Dean Owens has several other shows lined up over the coming weeks (see here) but currently there are only two further outings for this Celtabilly Allstars show. One is tonight at Glasgow’s Glad Cafe and then in Edinburgh’s Queen’s Hall on Wednesday 24th August. Aside from being a tremendous show these will be the only opportunity to buy a limited edition CD that The Celtabilly Allstars have recorded of Hank’s songs, Settin’ The Woods on Fire (Songs I Learned From Hank) which features most of the songs from the show including Celebrate The Life. It’s a fine listen that enlivened our journey back from Perth.



Glasgow Americana Round Up Pt. 2

Back to The Glad Cafe for the evening’s entertainment and the small hall is packed to the rafters for this show.

Opener Curtis McMurtry is the 24-year-old son of James McMurtry and grandson of author Larry and tonight was his first show in Scotland. He delivered several songs from his debut album Respectable Enemy which certainly showed that he has his forebear’s gifts for words with his war veteran’s suicide note, Foxhole, the highlight of the set. Opening song, Sparks In The Wind was memorable for its melody and striking chorus and McMurtry’s deft guitar work more than compensated for the lack of the instrumentation on the recorded version while Eleanor’s House was a fine example of small town reminiscences that reminded us a little of John Fullbright. McMurtry describes his album as “songs about villains who think they’re victims” and tonight he offered the audience a choice at times of a sad or mean song. He seems to be attempting to inhabit the dark hinterland of Americana but he still has some gravitas to develop before he can drive down that dark highway without looking over his shoulder. Nevertheless he can be proud of lyrics such as “when we trust in constellations/we proudly admit that we made a mistake /and we muster disappointment /with everything we make” on his fine rendition of Chaplinesque.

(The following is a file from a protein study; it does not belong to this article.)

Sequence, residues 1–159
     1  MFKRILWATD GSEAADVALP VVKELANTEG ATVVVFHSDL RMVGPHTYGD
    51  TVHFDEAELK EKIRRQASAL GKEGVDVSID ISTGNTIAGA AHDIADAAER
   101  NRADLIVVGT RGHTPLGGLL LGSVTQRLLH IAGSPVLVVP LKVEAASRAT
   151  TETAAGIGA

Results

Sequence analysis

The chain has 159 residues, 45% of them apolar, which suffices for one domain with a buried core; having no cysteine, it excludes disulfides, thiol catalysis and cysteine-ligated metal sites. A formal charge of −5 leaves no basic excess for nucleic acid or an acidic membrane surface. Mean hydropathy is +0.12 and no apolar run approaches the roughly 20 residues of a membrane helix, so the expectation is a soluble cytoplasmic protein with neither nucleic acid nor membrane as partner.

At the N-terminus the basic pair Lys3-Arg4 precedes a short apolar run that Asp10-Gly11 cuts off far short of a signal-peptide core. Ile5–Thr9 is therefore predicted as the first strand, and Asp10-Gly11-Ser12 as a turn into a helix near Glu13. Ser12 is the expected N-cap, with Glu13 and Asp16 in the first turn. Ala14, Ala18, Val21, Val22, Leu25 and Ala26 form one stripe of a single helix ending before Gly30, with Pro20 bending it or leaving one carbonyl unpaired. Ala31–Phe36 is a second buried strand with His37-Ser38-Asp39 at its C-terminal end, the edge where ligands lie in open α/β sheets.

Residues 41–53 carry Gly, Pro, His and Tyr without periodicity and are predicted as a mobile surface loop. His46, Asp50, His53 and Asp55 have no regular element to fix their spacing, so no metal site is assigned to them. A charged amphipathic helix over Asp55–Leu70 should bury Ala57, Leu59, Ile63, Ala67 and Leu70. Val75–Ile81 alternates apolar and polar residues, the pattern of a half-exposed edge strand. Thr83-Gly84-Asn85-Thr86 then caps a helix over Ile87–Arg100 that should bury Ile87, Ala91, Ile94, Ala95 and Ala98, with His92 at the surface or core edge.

Lewis & Leigh have a bit of a buzz going on about them right now, reports from Nashville indicating that their set at the recent CMA awards was a cracker. Al Lewis, a Welshman, and Alva Leigh from Mississippi teamed up two years back and have released three excellent EPs (the latest, Hidden Truths is released this week). With Al on guitar and Alva on occasional keyboards they roamed easily around rockabilly, Everly Brothers’ harmonies and spooky night speckled tales. There are hints of X, The Walkabouts and Twilight Hotel in there but their songs transcend the influences with several tonight mesmerising the audience.